The Nevada System of Higher Education is teaming with national experts to figure out how to draw more of Nevada's low-income and minority students to college. We continue our summer series on education with a look at the Educational Equity and Postsecondary Student Success project. Researchers out of the University of Southern California's Center for Urban Education will be working with Nevada's schools to identify solutions to getting our increasing minority and low-income students to and through college.
But, how do we get minorities and low-income students to college? And what will it take to mobilize the community and education system as a whole to embrace this effort? We talk with Nevada leaders about how to do that.
One of the major challenges and frustrations I face as a high school teacher of minority students is families who take students out of school to go to Mexico to take care of family matters. Every year I have several students disappear for two - three, even six weeks! When they return they want to know what they missed. How is it possible to make-up class discussions, group work, lectures, activities...? I believe that many Hispanic Parents do not understand how the school system works. I believe the Latino media could help with this problem with articles in Latino publications or public service announcements on Latino T.V. programs. Our school sends out school info in both English and Spanish, but they still do not seem to understand the importance of their kids being in school everyday.Patty Ann Ellsworth –Jul 8, 2010 21:08:38 PM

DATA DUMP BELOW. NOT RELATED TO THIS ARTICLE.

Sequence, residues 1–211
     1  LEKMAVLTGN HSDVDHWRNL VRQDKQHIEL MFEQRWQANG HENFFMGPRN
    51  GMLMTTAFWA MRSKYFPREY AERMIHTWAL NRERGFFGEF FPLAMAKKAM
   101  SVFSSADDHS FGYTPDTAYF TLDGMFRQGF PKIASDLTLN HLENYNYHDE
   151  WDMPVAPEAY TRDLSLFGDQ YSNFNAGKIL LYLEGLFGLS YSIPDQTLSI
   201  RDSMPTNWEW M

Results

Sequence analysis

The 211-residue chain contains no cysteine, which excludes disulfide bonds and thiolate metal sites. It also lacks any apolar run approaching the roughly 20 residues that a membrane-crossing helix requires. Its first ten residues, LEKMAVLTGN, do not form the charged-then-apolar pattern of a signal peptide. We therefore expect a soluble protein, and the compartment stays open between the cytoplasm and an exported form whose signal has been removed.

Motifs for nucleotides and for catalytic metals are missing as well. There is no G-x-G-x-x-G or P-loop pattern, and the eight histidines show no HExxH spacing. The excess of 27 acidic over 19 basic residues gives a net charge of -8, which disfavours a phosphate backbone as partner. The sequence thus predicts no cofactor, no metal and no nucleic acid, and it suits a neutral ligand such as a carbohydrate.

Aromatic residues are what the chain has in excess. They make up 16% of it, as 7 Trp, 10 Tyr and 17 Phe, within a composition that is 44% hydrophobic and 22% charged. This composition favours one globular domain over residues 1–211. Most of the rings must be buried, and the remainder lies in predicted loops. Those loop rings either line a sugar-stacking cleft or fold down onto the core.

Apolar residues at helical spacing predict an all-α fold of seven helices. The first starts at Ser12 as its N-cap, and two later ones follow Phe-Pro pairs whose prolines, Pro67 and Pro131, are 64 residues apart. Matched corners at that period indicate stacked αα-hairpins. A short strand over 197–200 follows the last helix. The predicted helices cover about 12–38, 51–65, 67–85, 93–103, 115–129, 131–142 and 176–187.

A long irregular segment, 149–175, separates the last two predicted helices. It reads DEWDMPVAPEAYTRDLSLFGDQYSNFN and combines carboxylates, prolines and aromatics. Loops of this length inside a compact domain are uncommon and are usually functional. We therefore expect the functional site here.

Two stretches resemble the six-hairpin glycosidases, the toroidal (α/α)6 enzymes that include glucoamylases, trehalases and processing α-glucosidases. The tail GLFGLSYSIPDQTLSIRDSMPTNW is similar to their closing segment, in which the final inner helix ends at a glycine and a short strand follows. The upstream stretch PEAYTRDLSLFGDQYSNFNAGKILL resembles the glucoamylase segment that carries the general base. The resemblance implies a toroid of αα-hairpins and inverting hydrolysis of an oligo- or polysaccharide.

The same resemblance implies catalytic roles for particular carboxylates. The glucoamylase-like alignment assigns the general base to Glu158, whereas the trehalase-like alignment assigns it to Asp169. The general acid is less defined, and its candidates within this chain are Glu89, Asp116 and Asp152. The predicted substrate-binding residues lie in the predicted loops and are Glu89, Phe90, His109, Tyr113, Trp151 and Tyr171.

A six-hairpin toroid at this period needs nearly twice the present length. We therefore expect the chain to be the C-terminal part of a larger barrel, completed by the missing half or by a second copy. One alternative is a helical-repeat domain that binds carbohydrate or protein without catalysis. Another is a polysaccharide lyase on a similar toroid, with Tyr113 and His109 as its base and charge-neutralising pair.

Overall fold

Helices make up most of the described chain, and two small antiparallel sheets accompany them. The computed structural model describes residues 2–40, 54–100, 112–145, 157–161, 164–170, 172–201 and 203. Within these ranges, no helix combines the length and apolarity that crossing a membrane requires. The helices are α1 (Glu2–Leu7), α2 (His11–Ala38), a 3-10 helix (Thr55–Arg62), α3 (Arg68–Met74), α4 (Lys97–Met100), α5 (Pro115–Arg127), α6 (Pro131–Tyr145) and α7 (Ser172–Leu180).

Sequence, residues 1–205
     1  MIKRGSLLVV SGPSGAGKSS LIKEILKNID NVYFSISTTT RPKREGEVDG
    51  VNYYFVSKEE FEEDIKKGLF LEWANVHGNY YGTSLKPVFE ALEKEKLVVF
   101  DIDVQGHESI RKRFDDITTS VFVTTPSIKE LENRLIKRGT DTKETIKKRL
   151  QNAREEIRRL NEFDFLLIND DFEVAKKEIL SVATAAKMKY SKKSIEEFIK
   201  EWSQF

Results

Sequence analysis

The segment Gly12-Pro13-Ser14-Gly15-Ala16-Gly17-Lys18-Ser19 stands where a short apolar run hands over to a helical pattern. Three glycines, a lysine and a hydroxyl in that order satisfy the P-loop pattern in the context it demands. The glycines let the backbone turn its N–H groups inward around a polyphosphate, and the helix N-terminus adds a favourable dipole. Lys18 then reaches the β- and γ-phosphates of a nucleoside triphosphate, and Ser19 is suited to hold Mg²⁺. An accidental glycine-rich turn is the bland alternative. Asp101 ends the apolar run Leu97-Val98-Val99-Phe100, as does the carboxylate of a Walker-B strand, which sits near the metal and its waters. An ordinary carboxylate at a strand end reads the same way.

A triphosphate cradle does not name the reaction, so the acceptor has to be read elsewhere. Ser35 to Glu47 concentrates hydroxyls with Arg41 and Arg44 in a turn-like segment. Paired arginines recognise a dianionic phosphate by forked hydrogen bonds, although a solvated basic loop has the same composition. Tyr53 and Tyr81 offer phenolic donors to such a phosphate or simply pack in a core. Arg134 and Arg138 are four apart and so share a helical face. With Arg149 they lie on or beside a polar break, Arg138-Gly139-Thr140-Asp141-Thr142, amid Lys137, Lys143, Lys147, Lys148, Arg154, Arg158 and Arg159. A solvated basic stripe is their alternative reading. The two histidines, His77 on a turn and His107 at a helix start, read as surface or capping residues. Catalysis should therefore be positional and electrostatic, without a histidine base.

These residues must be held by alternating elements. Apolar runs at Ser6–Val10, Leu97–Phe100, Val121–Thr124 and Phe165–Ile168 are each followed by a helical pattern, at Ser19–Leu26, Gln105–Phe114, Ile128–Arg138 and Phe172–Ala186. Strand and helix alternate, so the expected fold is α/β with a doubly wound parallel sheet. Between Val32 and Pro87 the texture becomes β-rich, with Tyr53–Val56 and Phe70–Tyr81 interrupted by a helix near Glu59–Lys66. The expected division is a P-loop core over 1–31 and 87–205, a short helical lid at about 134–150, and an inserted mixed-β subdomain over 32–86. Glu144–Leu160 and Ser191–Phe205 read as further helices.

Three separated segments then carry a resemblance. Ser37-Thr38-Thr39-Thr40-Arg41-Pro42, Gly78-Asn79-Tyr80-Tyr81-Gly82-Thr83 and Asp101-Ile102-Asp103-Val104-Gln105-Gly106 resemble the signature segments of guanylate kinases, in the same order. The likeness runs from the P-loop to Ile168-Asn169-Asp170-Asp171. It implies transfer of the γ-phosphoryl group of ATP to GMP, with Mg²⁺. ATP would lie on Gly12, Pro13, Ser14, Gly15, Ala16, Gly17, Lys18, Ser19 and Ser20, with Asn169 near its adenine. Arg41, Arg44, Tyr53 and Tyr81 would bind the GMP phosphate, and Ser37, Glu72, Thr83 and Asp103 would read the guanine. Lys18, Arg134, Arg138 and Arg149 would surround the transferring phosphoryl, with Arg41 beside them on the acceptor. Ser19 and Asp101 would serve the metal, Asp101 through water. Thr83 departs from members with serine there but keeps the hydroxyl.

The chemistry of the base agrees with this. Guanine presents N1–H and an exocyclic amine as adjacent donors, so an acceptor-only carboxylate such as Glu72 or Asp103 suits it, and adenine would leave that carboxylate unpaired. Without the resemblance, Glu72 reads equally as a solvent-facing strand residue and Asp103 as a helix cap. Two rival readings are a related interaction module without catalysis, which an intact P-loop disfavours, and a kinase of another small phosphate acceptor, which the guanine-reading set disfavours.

After listening to various programs in your series on education, I must plead with you to include actual, experienced teachers - and not just temporary Teach for America teachers - when you discuss education issues.
"Teachers should be seen but not heard" seems to be the general attitude, and KNPR seems to go right along with it.
Example: the woman talking about parent involvement traditionally being coming into classrooms, and how that's hard for minority parents. No, traditional parent involvement that we teachers seek is parents who care about what a child is doing, who ask them about it, who ask to see their homework, who ask what they learned today, etc.
I'm tired of the implication that teachers don't understand their students because they are poor or minority, which is the same thing the Teach for America cheerleader implied. Teachers, unfortunately, have to deal in the land of reality and practicality, not just theory and idealism. I am also tired of listening to the blathering of non-teachers who think they're education experts, to the point that I'm turning the radio off. I'm done with your series. When you have an education show, invite teachers on, please.KrisO –Jul 8, 2010 09:39:37 AM